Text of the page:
Yes, we want your leadership, which translated means your material and military assistance, but we cannot really be identified with you because nobody likes you. And also, should you provide assistance to us, do not expect anything in return whatsoever. Do not expect us to do our rightful share, or tell us what we should do, or to even care what happens to you and your country. We just need your help, period. Just take care of our needs. And by the way, since half of us want to go and live in your country, no territorial borders or laws on migration should obstruct entry of those wanting to.

Now doesn’t one get the feeling that this global leadership thing is one wide one-way street? Wide and easy access for everybody else but.

Kind of reminds one a bit about Shylock’s lament (in Merchant of Venice)

I am a Jew. Hath not a Jew eyes? hath not a Jew hands, organs, dimensions, senses, affections, passions? fed with the same food, hurt with the same weapons, subject to the same diseases, healed by the same means, warmed and cooled by the same winter and summer, as a Christian is? If you prick us, do we not bleed? if you tickle us, do we not laugh? if you poison us, do we not die? and if you wrong us, shall we not revenge?
Might not the US be wise to ask to renegotiate the “terms” under this informal, and not mutually agreed upon, global leadership thing, and plead for equal and fair treatment?

To which august body does it turn to?

Image Credit: Downloaded from Library of Congress

Sunday, January 06, 2008

A Special Tribute: US Major Andrew Olmsted, R.I.P.

Major Olmsted was one among three of the first casualties in Iraq for the New Year. He was also an active blogger in his own blog, for other blogs and the Rocky Mountain News.

Olmsted, 38 years of age, died from small-arms fire when his unit was ambushed.

Why the special tribute?

Before dying, Major Olmsted starting writing his last blog post, with instructions to a friend to post after his death. Read it here. While the posthumous act itself was quite unusual, more awe-inspiring were the ideas that he committed to words for that last post.

But more significant for me were the words that came from somebody else:
“…it was important to know that Olmsted died doing what he loved to do — not just being a soldier, but posting his blogs for The Rocky and other sites.”
Now, isn’t that what life is all about? Doing what one loves to do. Regardless of the amount of time involved. Maj. Olmsted was 38.

Aside from what was mentioned in the quote above, Maj. Olmsted loved seeing his favorite baseball team win the World Series twice. And he was mighty proud of his extensive 80’s songs library, downloaded and ready to be listened to.

About the moustache? Was he going for the macho look? No, he just thought that Iraqis did not look too kindly on those without facial hair.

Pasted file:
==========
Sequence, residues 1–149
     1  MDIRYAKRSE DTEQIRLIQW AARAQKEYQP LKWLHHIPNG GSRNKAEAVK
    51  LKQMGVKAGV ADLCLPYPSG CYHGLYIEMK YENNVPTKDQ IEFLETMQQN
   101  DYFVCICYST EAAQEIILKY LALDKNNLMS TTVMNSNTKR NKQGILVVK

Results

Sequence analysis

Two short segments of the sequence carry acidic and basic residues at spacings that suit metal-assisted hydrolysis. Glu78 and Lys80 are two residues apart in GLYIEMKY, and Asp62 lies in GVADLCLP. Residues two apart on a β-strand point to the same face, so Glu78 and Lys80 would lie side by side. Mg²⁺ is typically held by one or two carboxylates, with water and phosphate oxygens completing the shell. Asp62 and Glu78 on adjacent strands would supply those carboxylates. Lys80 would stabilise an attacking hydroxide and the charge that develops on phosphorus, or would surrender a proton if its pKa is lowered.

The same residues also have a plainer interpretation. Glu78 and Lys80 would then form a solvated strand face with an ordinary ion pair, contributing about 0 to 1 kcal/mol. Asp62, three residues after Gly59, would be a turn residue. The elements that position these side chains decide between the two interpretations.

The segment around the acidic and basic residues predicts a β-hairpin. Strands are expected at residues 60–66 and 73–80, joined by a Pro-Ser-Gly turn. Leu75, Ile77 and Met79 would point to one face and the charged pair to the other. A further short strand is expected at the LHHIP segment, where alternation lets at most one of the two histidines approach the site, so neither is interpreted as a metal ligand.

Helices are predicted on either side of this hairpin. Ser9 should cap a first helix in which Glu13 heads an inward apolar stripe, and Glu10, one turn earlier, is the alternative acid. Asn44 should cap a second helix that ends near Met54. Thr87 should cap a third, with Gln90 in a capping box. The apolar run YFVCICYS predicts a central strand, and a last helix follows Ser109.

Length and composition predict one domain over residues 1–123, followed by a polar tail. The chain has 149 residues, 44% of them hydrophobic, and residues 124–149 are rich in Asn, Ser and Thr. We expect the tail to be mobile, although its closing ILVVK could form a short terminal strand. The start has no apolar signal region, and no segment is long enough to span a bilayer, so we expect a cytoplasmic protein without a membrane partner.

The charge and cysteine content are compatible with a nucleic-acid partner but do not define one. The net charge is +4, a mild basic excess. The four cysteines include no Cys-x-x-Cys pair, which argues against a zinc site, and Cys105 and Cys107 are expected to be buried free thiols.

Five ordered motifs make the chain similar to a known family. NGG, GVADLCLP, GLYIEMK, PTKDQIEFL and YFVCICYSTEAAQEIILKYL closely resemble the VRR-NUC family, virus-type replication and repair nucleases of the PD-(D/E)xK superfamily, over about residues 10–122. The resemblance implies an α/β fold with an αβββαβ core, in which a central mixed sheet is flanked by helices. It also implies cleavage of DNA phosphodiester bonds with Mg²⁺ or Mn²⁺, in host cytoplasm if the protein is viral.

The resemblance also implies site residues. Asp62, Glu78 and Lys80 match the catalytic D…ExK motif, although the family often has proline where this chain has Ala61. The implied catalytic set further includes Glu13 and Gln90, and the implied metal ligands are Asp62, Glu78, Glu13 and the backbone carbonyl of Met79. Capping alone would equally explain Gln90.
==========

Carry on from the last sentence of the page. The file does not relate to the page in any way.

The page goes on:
This fine soldier died in a war-torn country so the rest of us in the comfort of our homes and in the fullness of time can give pause and ponder on the wantonness of this soldier’s early demise.

This fine soldier died so the meek and gentle can gather thoughts and ask why with the utter uselessness of wars they are still breaking out in the world, with regularity and almost with necessity.

This fine soldier died so the rest of us can think and express ourselves in whatever way we desire, with freedom and without fear.

This fine soldier even died for those who may find dread or be squeamish about the brutally violent nature of a soldier’s job.

But as always things still fall neatly in place, since to each life there is a season.

What Is Art, again?

Maybe the above question is something we ought to ask often if only to highlight the attendant difficulties and uneasy confusion people encounter when trying to define what art is. The oft-quoted cliché that beauty is in the eye of the beholder could apply also in judging what art is, whether serious, pop, or whatever.

This untended difficulty reared its head during the last entry on my poster collection of Norman P. Rockwell works. Many critics had panned Rockwell’s works by denying him the honor of considering his work as serious art; instead that he was simply an illustrator however gifted he was as such.

And I always have a problem with such restrictive delineation because my mind has not really been able to grasp the exact parameters of what serious art really is. Should one rely strictly on the judgments of the art critics? But don’t they disagree amongst themselves? And many would go further and decry the lack of objectivity or relevance in many admired critics.

Anyway, I am not making this orphaned confusion my personal problem, because I simply follow my gut feelings and try to work up inspiring vibes about the works that appeal to what I could consider my sense of what is beautiful, tasteful, or extraordinary.